Tuesday, November 25, 2014

The High Cost of Pet Ownership

Saturday, Baby-Dog Woodrow ate a bar of soap for $140.75.  The bar of soap: 75 cents. The vet bill: $140. 

Our Woodrow is going to recover completely, perhaps because my soap is ninety-nine and forty-four one-hundredths percent pure.  (If you are over 60, you know what brand my soap is.)

Because of his Saturday indiscretion, Woodrow vomited three times on Sunday, so I fed him small amounts of rice and rice-water throughout the day. I skipped church to take care of him.  He slept most of the day, wanted me close.  I stayed on the bed with him for hours, whispering “I love you,” reading, and watching John Wayne movies. 

Although he woke me with lively kisses before dawn this morning, we were sitting in the vet office by 9:00.  
Woodrow’s Great Soap Escapade started me thinking (once again) about how much money adequate pet care costs.  And about how many people who have pets can’t afford to have them. 

While I was in the vet’s office, I overheard the receptionist talking to a potential client.  The woman had a voucher to have her dog spayed, and she wanted to know how much money she would have to pay the vet if she used it.  The voucher paid $45 for the spay surgery.  The owner would have to pay $20 for pain medication and $15-18 for something else (I couldn’t hear what).  The owner said that she didn’t want to pay for the pain medication or the required something else. 
The receptionist explained that the vet would not perform a spay surgery without pain medication. 

“Thank God,” I thought, having had a hysterectomy myself.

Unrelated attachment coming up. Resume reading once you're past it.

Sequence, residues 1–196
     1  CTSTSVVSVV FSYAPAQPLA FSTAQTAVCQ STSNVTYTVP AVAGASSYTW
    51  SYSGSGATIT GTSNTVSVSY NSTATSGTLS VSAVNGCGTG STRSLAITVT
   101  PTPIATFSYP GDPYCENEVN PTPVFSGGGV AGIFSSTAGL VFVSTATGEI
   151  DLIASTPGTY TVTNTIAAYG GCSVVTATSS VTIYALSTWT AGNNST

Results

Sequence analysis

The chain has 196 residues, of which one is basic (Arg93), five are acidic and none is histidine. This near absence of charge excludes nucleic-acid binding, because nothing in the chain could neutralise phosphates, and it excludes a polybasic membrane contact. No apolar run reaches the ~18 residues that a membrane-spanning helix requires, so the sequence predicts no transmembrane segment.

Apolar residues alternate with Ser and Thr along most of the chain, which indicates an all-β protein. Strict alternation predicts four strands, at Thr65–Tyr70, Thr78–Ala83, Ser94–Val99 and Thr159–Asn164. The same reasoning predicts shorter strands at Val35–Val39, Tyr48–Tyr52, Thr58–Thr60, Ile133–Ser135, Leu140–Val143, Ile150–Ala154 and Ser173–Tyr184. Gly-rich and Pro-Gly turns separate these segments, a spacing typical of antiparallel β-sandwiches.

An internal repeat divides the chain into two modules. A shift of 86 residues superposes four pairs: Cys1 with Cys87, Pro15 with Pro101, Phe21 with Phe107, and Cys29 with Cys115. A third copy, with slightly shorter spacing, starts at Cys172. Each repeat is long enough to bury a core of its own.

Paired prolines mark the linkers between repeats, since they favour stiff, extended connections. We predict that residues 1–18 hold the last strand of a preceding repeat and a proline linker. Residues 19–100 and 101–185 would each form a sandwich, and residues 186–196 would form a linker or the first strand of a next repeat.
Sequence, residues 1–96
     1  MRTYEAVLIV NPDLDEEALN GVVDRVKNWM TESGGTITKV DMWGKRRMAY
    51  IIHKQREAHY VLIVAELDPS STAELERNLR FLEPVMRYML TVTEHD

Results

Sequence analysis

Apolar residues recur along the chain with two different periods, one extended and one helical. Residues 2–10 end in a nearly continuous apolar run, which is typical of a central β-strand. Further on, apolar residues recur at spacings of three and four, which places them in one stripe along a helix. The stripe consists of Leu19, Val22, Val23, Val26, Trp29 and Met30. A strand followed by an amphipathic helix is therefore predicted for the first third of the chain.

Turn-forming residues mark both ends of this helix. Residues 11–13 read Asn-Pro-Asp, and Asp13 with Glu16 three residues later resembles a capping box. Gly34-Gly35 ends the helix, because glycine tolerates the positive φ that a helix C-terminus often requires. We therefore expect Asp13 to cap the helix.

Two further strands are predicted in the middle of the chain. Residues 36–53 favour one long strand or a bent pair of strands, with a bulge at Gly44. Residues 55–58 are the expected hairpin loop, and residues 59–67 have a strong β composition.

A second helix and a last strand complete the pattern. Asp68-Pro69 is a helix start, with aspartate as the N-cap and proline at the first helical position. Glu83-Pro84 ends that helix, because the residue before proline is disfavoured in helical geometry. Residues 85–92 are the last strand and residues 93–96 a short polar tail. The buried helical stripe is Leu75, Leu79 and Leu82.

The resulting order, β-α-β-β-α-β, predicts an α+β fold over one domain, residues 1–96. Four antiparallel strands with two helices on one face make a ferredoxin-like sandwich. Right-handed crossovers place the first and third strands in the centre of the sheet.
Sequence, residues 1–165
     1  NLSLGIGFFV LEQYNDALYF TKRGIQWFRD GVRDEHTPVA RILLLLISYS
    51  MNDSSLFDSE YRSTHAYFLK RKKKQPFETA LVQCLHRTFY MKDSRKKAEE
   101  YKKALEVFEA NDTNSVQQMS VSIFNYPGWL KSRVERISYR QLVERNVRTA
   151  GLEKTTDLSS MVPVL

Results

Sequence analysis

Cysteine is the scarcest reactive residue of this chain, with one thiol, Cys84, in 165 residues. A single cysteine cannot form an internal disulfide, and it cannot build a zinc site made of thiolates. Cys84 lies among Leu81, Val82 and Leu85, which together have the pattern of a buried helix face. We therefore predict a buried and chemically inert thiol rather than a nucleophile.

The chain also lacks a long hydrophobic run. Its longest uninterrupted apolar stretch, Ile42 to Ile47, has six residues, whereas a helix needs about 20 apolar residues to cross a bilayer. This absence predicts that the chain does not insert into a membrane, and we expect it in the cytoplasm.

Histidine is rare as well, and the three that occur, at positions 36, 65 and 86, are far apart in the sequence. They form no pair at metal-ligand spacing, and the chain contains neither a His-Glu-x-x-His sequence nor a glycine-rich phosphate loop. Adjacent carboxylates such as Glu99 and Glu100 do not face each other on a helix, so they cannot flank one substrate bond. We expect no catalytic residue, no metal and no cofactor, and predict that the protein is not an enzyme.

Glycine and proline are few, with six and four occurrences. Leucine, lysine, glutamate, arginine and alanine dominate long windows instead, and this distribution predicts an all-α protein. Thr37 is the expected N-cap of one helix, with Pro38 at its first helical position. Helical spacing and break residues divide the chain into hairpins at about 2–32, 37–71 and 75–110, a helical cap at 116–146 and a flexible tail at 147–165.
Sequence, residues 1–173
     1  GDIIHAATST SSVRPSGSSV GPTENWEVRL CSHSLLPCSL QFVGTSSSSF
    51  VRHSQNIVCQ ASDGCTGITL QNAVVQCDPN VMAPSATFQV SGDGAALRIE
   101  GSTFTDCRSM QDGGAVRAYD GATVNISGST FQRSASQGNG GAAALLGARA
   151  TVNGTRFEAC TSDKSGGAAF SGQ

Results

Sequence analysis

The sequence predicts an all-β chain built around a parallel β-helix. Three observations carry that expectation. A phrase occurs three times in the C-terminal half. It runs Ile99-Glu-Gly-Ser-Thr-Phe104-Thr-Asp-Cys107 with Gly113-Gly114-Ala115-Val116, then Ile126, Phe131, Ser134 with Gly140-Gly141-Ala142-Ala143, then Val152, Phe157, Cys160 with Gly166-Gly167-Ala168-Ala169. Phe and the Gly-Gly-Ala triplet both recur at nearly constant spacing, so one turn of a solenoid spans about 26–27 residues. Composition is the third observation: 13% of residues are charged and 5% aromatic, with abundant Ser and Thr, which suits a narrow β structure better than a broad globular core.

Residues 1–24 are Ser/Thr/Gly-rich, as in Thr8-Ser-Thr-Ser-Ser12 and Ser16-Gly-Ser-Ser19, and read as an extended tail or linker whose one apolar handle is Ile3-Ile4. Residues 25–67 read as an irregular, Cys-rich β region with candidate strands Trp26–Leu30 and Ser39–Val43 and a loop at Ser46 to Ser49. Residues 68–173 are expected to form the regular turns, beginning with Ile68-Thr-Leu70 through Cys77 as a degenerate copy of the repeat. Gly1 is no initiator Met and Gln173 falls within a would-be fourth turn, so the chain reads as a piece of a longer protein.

Not only did I think about the cost of dog ownership at that moment, but I spent fifteen seconds wondering whether a lady who didn’t want to provide pain medication for her post-hysterectomy dog should even own a dog.

Please understand.  I personally know many people who dearly love their pets but who cannot afford their care.  I once knew a double-amputee military veteran who deeply loved his dog and almost died of a broken heart when she died. She died because he could not afford her monthly heartworm preventative.  Perhaps if I had known it before her death, I could have located a veterans’ organization who would have helped.  I hope she was waiting for him when he finally reached Heaven’s gates, and with his legs restored, he could run with her through sunlit meadows.
The truth is ugly, but people who want to adopt a pet need to understand that the cost of the adoption is only the tiniest tip of the iceberg of years of significant financial commitment.  Anyone who carries a credit card balance can’t afford a pet.  Breaks my heart because disposable income should not be a condition of giving and receiving the love of a dog.  Or a cat.  But caring for a pet is expensive. 

Love ought to be enough.  But it isn’t.

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